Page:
For many kids, money can be a bit too easy come, easy go — especially in today’s digital world.
But tracking and categorizing money thoughtfully will always be a key life skill. Dollars deserve a purpose whether digital or not. So how do we get our kids to be more mindful of money as it ebbs and flows?
Build a Money In ’N Out Spreadsheet with your child. It’s a simple tool for pinpointing the sources for money coming in and the purposes for money going out.
Here’s a recipe I used with my son in college:
- Import last month’s transactions. Most prepaid cards or bank cards have a way to export transactions, so this step is often just a quick cut and paste. If your teen uses cash, then have her manually enter every transaction in the spreadsheet for the current month.
- Add “Money In” columns. Sit down together and figure out the main types of income. Create columns for each. In our case, money coming in was either:
- Add “Money Out” columns. For money coming out, let you child suggest the key categories of spending as you browse the transactions together. Less is more here, so steer it toward high level groupings. We ended up with:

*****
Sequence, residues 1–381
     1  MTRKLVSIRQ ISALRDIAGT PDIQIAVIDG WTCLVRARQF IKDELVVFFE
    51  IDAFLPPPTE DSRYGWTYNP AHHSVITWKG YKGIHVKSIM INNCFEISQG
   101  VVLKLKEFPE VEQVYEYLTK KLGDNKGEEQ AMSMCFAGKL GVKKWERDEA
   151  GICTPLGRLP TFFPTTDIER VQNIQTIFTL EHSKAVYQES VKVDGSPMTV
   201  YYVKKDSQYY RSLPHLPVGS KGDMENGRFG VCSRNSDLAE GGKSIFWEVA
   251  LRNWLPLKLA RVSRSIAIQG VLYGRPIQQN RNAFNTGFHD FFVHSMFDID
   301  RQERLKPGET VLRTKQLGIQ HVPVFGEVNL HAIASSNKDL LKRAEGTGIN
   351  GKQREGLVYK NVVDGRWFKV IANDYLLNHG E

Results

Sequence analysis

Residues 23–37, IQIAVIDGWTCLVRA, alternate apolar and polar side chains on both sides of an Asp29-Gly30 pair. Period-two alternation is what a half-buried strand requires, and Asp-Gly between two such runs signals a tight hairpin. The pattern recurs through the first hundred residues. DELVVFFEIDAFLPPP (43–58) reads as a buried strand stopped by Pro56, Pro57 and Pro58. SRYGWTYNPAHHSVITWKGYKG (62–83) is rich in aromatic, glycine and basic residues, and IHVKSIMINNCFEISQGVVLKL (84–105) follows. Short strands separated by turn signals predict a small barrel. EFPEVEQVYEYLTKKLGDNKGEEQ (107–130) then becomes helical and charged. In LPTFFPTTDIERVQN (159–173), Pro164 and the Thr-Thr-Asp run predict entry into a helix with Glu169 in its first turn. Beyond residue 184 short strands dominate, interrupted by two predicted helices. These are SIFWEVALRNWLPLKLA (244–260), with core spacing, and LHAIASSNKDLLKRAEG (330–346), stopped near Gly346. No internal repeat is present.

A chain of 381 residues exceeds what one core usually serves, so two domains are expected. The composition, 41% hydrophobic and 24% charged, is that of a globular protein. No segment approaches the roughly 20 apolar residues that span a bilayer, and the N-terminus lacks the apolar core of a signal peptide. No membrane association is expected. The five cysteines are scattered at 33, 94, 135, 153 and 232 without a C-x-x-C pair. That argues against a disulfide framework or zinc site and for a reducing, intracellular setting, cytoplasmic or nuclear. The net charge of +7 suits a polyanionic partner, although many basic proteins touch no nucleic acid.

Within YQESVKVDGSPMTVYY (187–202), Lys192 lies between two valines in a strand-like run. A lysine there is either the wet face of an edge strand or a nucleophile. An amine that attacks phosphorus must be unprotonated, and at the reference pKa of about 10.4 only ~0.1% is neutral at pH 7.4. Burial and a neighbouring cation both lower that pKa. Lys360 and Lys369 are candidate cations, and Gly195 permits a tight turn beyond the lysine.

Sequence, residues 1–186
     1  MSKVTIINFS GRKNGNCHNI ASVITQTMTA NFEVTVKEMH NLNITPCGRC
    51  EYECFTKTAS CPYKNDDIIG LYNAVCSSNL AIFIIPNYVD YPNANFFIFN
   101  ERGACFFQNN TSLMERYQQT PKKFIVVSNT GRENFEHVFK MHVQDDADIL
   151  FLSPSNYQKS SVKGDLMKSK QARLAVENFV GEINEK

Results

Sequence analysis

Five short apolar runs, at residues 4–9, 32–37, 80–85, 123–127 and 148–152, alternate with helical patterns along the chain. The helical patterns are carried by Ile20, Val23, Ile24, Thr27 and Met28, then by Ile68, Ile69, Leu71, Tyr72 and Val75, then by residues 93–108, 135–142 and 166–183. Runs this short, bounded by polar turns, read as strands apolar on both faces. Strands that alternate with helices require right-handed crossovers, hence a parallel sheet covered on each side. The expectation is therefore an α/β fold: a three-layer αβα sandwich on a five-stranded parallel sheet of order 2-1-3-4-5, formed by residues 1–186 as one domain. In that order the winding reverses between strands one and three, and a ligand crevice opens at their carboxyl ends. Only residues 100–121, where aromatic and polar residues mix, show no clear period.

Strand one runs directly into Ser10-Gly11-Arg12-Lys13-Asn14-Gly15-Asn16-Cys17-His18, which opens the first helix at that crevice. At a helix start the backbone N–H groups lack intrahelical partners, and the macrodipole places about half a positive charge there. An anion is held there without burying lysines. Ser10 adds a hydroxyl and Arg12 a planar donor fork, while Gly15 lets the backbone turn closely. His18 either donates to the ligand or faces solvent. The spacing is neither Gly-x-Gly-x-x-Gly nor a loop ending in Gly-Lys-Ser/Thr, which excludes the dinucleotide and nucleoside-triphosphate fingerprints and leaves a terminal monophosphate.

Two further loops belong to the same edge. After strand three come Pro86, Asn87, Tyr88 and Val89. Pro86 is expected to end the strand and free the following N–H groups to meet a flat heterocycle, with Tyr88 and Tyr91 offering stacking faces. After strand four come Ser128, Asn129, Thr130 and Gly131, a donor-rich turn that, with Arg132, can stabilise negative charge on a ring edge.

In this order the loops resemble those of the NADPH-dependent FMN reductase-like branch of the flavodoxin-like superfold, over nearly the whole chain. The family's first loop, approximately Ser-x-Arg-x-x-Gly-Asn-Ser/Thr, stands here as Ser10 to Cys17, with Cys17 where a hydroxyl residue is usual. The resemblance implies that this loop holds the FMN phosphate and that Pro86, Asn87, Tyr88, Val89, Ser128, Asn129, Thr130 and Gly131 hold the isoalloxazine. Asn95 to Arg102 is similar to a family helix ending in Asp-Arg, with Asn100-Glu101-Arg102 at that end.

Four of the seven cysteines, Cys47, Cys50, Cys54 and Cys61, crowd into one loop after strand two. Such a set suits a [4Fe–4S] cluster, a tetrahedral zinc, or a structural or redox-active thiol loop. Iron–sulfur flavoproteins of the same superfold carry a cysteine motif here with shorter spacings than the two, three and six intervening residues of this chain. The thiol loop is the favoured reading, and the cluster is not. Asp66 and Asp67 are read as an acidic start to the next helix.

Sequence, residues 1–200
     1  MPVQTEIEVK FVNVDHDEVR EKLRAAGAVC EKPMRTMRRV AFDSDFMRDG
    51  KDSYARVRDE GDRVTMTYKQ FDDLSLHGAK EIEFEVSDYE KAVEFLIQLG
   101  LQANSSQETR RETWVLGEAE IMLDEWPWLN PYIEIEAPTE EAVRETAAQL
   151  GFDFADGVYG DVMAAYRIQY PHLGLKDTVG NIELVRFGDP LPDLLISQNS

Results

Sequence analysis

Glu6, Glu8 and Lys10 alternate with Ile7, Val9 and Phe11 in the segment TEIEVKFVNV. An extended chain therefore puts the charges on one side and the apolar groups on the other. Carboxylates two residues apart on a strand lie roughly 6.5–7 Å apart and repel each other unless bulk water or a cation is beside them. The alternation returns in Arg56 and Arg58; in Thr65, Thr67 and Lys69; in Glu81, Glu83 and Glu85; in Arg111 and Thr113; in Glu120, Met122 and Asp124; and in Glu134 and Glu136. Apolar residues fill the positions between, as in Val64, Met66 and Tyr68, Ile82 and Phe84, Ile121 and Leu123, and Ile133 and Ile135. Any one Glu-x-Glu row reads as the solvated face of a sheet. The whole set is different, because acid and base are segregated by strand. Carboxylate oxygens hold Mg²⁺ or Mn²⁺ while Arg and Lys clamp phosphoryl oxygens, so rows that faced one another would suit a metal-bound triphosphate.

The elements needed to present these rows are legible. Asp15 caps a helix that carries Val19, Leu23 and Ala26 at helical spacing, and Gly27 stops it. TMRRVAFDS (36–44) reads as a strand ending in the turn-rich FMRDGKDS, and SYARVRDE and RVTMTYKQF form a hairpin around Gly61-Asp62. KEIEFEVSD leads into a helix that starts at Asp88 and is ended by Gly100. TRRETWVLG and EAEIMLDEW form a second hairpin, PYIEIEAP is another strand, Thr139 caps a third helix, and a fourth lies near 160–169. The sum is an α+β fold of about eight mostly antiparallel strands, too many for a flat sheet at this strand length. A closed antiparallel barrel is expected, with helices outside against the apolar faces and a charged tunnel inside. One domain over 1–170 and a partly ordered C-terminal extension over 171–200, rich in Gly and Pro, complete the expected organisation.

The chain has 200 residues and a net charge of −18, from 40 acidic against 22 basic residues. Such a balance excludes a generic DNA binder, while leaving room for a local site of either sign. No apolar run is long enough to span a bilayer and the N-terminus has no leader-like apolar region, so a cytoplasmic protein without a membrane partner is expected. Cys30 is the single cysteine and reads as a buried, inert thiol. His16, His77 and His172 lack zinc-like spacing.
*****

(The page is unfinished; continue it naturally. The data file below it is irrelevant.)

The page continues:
- eating out,
- eating in,
- gaming, and
- Copy the transaction amount into the right in or out column. For each transaction row, copy the amount into the appropriate income or spending column. In rare cases, you may need to split the amount between spending columns. But if you’re doing that a lot, your categories are probably too granular. Keep it simple — like the In-N-Out menu.
- Sum up the totals. Add a final row that sums up the amount column, the income columns, and the spending columns. The sum of the amount column will indicate the net change for the month. If it’s negative, more was spent than earned during the period.
- Make in ’n out pie charts. Create an “in” pie chart for the income totals, and an “out” pie chart for the spending totals. Any surprises?
- Have a non-judgmental discussion. Here’s where you want to be long on listening and short on lecturing. Let your child make the observations. Offer constructive alternatives, like maybe a parent bounty for taking a bag lunch instead of eating out.
Try the exercise with your teen, and see if it takes the money coming and going in a more mindful direction.
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